The diligent ladies here are manning (or womanning) the production line at Wisbech in Cambridgeshire in 1934. In my home, we eat canned green beans about once a week. A couple times a month, I’ll buy the fresh ones and spend an hour snipping the ends and chopping them into reasonable bite sizes, then simmering them in beef broth for several hours. They taste better, but it’s not really worth the labor or the four minutes it takes my men to consume them. We always eat the thicker Italian cut beans, as they are heartier and easier to stab. However, when the holidays roll around, we buy the French Style beans to make green bean casserole because America.
But these British lasses would never have celebrated Thanksgiving and probably never had a green bean casserole in their lives. In Texas, we don’t eat many casseroles; that’s more of a Midwest thang. But I love a good casserole, from spinach to broccoli rice to sweet corn. And I never pass up a side at Thanksgiving. I am an equal opportunity consumer. I don’t even care if the cranberries are cut into a slab of congealed jelly or fresh berries with orange zest and ginger. Either way works.
What about y’all? Are you picky? I’d eat any and all of these sides.
Who’s the most interesting fellow here? The obvious one in dark frames, or the guy taking a pull of his cigarette? It’s quite the crowded counter. Tiny bottles of soda were available for rationing through an entire meal. Honestly, how we did we ever do that? You might also notice that what appears to be a box of Kleenex or napkins is actually a NAB, a square of salty or sugary carbs to compliment your beverage. Of course, NAB is short for Nabisco. And why not indulge? It’s a mere nickel, or as Gary Gulman calls them, “quarter impersonators.” Might I suggest not pairing Oreos with Coke? The sugar crash will be atrocious.
This is quite the hairless couple, trim and athletic and healthy. I have never before witnessed such a sheen on a man’s oiled limbs; usually, they are too furry to reflect light. This delightful artwork reminds me both of Vargas pin-up girls, as well as actress Jean Harlow, who shared the platinum hair and pale skin (although rarely a smile). Swimsuits had made leaps and bounds by 1938, with vastly less fabric and stretchier than those of the generation before. Today’s styles hardly differ from these wisp-o-weight Jantzens so many moons ago.
If you think the world hasn’t made great strides in being “woke” in the 83 years since this ad was printed in LIFE, you’re wrong. Instead of erasing the past, let’s shine a light on it, so that we know how far we’ve come, and continue to go. Let’s also remember to keep everything in contextof its era and keep in mind that not everything that offends people was intended to belittle. As a Hispanic woman who has spent her life in Texas, I can tell you that many people DO speak with poor conjugation in broken sentences, as is par for the course when you are mastering a second language. I have heard sentences very similar to these. Before one jumps to outrage, one should try to see the big picture. Obviously, this wouldn’t fly in today’s advertising. And while I choose to grind my own beans each morning and consequently have never had Sanka, I sadly am forced to drink decaf as well. “I have sleep like the log” after evening coffee, too.
I love old magazines; they don’t mince words. In their retelling of how toddler Peter Jackson came to be the “sensation of the late London season” at the Horse Guards Parade, they made sure to make mention that he was only there because his poor father was jobless and had nowhere else to be, since he wasn’t supporting his family. Was that necessary?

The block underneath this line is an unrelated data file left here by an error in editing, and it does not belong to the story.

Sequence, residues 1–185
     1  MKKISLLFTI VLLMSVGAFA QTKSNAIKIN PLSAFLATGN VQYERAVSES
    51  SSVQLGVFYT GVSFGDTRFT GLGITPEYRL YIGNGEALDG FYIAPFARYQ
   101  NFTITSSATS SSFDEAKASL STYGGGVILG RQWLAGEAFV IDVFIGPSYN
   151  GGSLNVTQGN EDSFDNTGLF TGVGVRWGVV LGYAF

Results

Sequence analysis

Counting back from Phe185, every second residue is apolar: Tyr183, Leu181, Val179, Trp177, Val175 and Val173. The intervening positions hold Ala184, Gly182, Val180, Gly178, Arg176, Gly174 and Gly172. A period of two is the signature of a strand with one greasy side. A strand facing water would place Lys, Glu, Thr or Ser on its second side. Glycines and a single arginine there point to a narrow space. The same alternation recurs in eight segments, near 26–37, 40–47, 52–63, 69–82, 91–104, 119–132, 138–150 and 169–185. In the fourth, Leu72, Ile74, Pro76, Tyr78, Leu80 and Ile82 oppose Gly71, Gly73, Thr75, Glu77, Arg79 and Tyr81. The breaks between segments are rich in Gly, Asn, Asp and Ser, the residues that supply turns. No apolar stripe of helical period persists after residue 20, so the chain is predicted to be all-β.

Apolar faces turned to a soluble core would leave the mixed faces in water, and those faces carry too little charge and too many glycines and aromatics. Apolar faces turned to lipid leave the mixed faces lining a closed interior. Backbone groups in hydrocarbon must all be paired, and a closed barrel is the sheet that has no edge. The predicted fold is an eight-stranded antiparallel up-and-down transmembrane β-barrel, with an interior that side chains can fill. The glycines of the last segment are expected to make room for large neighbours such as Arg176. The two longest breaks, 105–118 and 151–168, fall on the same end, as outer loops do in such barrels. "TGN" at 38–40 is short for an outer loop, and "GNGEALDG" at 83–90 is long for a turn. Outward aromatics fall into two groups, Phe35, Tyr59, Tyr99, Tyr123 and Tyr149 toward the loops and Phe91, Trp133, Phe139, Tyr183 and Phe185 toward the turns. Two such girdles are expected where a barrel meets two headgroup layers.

Two-year-old Peter, overcome with emotion, could not simply watch the Mounting of the Guard. He had to be a part of it. It was not a protest at all, but imitation in the highest. Slipping away from the supervision of his father, Peter dashed out onto the grounds, secured his toy rifle (albeit on the wrong shoulder), and marched with military form, to the delight of onlookers. In this image, he is shouting an order, immediately followed by a fearful reaction to his own voice, and flees back to the arms of his papa.
Oh, y’all. How do I tread lightly on this image? My first inclination was to Google the opposite of eye candy, which returned “butt ugly.” Honestly. While I feel that is harsh, my eyes nod in accord with Google. These are skivvies best left unseen. It’s curious that LIFE published this at all, in their 7/11/38 issue, referring to Emmy Andersen (whom you will not find made mention of anywhere else on the interwebs) as a “calisthenist and premier nudist of Denmark.” By the way, if you again Google calisthenics, the example it gives is, “Three women swung Indian clubs while performing calisthenics in unison.” That’s weird, right? It’s not just me?
LIFE went on to explain that Andersen had been a solo nudist on a North Sea island for seven years because Denmark frowned on organized skin culture. Don’t Google that term, because it means something else entirely. She arrived in the USA on June 30th to “ascertain the status of nudism in America.” One wonders what she discovered, or when she returned to her homeland, which declared neutrality the following year, and was quickly occupied by the Germans. I, however, am not a Dane, so I don’t have to be neutral. To the exhibitionist with the nylons rolled down, I give a decided thumbs down.
Today’s image comes from Hoquiam High School’s domestic science department, where the seated teacher is tending to a wooden skirt made of Sitka spruce veneer, at a comfortable 1/80 inch thickness. Washington state was swimming in lumber during the Great Depression, leading to its use in costumes as well as (yes!) bathing suits. Can you imagine the marks that would leave on your upper thigh, or how it would clickety clack when you walk?